Named for an Aboriginal word meaning ‘sandy hills’
My experience in the pool
You can take your pick at Gunnamatta Baths between the 50m area and the more general shark-netted swimming enclosure along the sandy beach. Locals kept telling me the water can be a degree or two warmer at the northern end (ie away from the 50m pool bit), and there were a couple of guys in that section, but I opted for the proper swimming section, which was laned off with rope markers ahead of the local swim club holding their weekly relay race.
It was a beautiful autumn morning in bright sunshine when I pitched up at Gunnamatta Park to get in the water finally. I had dropped by once after a swim in Cronulla rock pool, and nobody was here then. I had also come to Gunnamatta on a very chilly morning a week or so ago and found a handful of hardy gents just getting out of the water, but even then with air temp about 15C and water apparently 16C, I didn’t fancy it and opted for a heated Aquatic Centre instead.
So with the swim club crowd gathering around me and reports of water temperature at a comfy 19C (these guys keep a close eye on the thermometer round here), this was a great chance to get back into salty water, and with the added luxury of those lane markers which are only there on club days.
The two guys in the water ahead of me took the deep plunge, jumping in direct off the raised boardwalk around the baths. I opted for the steep ladder down to the water, preferring the gradual entry even though those long ladders bring out the vertigo in me (I would never have hacked it as a sailor in those old days of sailing ships and ropes).
The water at Gunnamatta is pretty deep all the time, I think. I was there right on mid-tide and must have had 3 or 4 metres under me, and it was a little bit murky but not unpleasant.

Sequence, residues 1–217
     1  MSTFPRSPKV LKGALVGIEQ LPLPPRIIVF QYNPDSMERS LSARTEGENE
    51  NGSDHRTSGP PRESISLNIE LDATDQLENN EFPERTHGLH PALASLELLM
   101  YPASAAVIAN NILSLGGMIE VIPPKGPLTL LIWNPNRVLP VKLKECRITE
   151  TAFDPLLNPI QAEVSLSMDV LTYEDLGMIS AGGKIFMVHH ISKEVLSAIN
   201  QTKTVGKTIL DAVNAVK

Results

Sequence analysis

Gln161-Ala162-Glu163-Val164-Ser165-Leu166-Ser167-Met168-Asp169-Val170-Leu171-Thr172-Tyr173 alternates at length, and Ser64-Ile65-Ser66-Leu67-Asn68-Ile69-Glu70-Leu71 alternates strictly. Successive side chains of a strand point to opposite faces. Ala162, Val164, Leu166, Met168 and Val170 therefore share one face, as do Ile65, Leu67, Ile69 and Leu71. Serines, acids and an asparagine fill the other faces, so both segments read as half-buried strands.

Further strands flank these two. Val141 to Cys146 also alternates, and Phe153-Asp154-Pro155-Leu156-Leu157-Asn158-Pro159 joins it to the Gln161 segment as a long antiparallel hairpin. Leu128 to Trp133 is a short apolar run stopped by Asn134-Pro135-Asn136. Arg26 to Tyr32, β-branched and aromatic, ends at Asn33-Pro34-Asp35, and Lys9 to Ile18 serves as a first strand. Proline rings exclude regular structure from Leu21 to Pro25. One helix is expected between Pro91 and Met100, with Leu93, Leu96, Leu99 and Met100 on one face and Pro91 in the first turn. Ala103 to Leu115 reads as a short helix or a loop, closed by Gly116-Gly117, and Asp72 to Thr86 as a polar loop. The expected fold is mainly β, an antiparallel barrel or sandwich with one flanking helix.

Views here are wonderful while you swim. For backstroke it’s much better to swim northwards with the sun behind you and the views of the park to your left and the yachts beyond the shark net to your right. But even doing freestyle, I enjoyed those literally breath-taking moments when you come up for air and can look at the lovely gum trees in the park by the baths.
There were kayakers gliding past on Port Hacking River and cockatoos screeching overhead.
On a sunny Sunday morning, it was the perfect way to start a day in Gunnamatta.
Getting there, getting in, getting changed
It’s only about a 10 minute walk from Cronulla station to Gunnamatta Baths so lots of transport options. Each time I have been here, though, there has been ample parking right by the parkland that borders the Bay and baths.
Lots of options for getting in the water at Gunnamatta Baths: when the 50m area is too cold, the guys seem to plunge into the water via the beach and head for the ‘north’ end. If going into the 50m area, clamber down the vertical ladders as I did, or take the plunge from the boardwalk as the young guys did (but check the water depth before launching yourself).
Nice changing sheds, though I think the warm showers are just in the swim club part, so it’s cold shower only. And a good waterside shower outside just in case those sheds are not open for any reason (I used it anyway cos I’m like that…)